Parley would shake her head yes and say thank you Zaza. That time, she didn’t mean it. Zaza Vex bopped her nose with a meal-dusted forefinger and smiled back before returning to the solute that needed mixing. Parley, fifteen now, couldn’t shake the achin’ that blossomed in her when Zaza talked about Ajardee. The sapphire half-spheres made the rest of the world fall away. Asking after em had been a mistake. If she asked any further, she knew that everything in her beautiful life would change. She pushed down the achin’ she couldn’t name and turned back to crushing narcis root and bonemallow.
Soon after, she stopped asking questions and buried her collection on the shores of Toxaway Lake. It took near about ten minutes to wash the sand off her hands. She pushed that achin’ so far down that it only managed to reach out when she didn’t have nothing to distract herself with, which wasn’t often. When she sprawled out on the dewy grass in front of the Orphans’ Center, staring into the silence around the midnight’s stars, a little tendril of pain unfurled and wrapped around her heart. She’d cry until her head hurt and the tears pooled in her ears, but she couldn’t place why she was crying, why it hurt to look in the mirror, why she felt misshapen.
The wavering voice would plead with the forest, the grass, the stars, anyone, to protect her from whatever this achin’ was. She’d beg until she went hoarse. If there was an answer, she never heard it. After awhile, she grew plum tired of tear stains and unanswered questions. When she finally got the New Sun Collective’s approval to live with Zaza, she stopped star-watching altogether. Instead, she busied herself with learning Zaza’s trade, tending the garden, and exploring the forest with Rylie.
On that first night in Zaza’s place, she made a decision. If the world ain’t give her protection, she’d weave a protection spell herself. Under the new moon’s light and the flickering of blue candleflame, she crushed rosemary on her eyelids. She wove her warding-magic as a decree: do not still your hands, do not look in mirrors, do not touch your body more than it takes to wash, do not think what if. The next day she woke up beaming, light as a foxfly mid-flight. It kept her safe and smiling, the ache far away. At least, it did for awhile. Even one crack in a shell makes the whole darn thing fall to pieces. And like all things do, what she buried came a-knocking with time.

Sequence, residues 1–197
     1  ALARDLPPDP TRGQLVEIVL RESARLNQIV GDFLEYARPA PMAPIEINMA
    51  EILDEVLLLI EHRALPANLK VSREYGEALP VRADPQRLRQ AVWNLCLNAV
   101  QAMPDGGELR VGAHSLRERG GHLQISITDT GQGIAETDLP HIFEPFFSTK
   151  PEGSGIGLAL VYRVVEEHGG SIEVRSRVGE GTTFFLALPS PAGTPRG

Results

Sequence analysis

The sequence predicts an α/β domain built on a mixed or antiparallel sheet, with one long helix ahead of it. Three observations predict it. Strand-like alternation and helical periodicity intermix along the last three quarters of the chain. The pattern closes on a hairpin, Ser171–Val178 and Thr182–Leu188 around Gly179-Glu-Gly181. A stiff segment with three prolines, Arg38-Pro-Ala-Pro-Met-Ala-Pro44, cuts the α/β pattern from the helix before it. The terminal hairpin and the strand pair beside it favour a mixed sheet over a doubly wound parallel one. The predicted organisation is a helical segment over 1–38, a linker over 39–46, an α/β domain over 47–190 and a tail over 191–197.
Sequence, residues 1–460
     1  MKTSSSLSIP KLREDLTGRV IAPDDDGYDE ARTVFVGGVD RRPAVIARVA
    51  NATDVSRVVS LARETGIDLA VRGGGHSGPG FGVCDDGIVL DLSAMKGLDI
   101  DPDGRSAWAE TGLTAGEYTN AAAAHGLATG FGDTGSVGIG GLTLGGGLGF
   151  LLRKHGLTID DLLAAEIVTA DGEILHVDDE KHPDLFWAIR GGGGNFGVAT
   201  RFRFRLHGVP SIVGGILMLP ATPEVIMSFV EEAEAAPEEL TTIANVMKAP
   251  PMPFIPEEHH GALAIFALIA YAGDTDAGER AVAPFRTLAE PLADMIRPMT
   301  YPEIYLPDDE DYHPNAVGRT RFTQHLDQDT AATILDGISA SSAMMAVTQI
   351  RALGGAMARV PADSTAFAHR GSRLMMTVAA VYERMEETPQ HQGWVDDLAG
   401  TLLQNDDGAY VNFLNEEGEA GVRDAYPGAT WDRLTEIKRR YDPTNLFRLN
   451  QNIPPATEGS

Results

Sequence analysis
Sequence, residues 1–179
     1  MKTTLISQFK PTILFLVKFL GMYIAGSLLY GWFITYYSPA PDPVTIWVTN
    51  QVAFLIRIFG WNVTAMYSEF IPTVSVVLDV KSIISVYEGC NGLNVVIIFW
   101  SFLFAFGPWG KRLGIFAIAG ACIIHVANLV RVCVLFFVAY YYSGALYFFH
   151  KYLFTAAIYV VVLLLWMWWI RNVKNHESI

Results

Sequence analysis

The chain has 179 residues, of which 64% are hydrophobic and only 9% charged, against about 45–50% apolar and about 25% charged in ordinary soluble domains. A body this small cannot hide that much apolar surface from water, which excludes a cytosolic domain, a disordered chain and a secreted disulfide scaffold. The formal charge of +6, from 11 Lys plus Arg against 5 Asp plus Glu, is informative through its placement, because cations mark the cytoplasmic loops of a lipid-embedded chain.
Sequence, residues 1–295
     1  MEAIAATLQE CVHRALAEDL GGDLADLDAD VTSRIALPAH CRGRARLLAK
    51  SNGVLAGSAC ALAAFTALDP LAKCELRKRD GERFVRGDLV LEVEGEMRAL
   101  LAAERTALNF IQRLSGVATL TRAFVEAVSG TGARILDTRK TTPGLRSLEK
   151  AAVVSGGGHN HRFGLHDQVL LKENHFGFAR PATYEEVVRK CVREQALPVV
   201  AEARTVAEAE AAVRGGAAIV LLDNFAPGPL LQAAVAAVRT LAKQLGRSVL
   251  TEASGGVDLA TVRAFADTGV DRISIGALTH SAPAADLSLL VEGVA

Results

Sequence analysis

On her seventeeth birthday, a bunch-a townfolk and friends gathered at the cottage for a big ole hullabaloo full-a her favorite things: chocolate cake, leaf collages, and a bonfire. After night sighed awake and the bonfire started licking the sky, Parley settled down in a mycovine-woven chair just out of cinder-reach. The duck and weave of unlikely stories circled her as she traced the chair’s weave and smiled up at the moon.
Outta the corner of her eye, she noticed Zaza standing with Amit, a young-un about her age, near the bonemallow vine. Moonlight skimmed their heads, their shoulders, and the tops of bonemallow flowers behind them – a halo of cold light shimmering. Zaza leaned in to listen, nodding, and Amit shifted from one foot to the other. After a breathless pause, Amit followed Zaza into the cottage where kitchen lights flickered on. The blue of biolume pulsed from the windows and leaked through the back door, beckoning Parley. She slinked along the shadows, inching nearer. Beside the doorway, she could hear their low voices.
“Take one of these once a week, at the same time on the same day. You’ll need to keep an eye on how you feel. Keep a journal – here, here’s one,” Zaza said. A pause, then a low voice shook out its reply.
“Are you sure-”
“Trade as you can. I know you ain’t from New Sun, but that’s how we all do it here.”
Through the cracked door, Parley searched for their silhouettes. While Zaza rustled papers inside, Parley wedged open the door with her foot. One inch. Then two. Parley’s heartbeat nearly drowned out their voices. Zaza craned over the heap of Ajardee, putting the jeweled half-spheres of narcis root in a wax cloth. With a flick of the wrist, the cloth tied and landed in Amit’s hand. They stared at it. Parley gasped. Something wet on their cheek caught the biolume. A silence curled between them.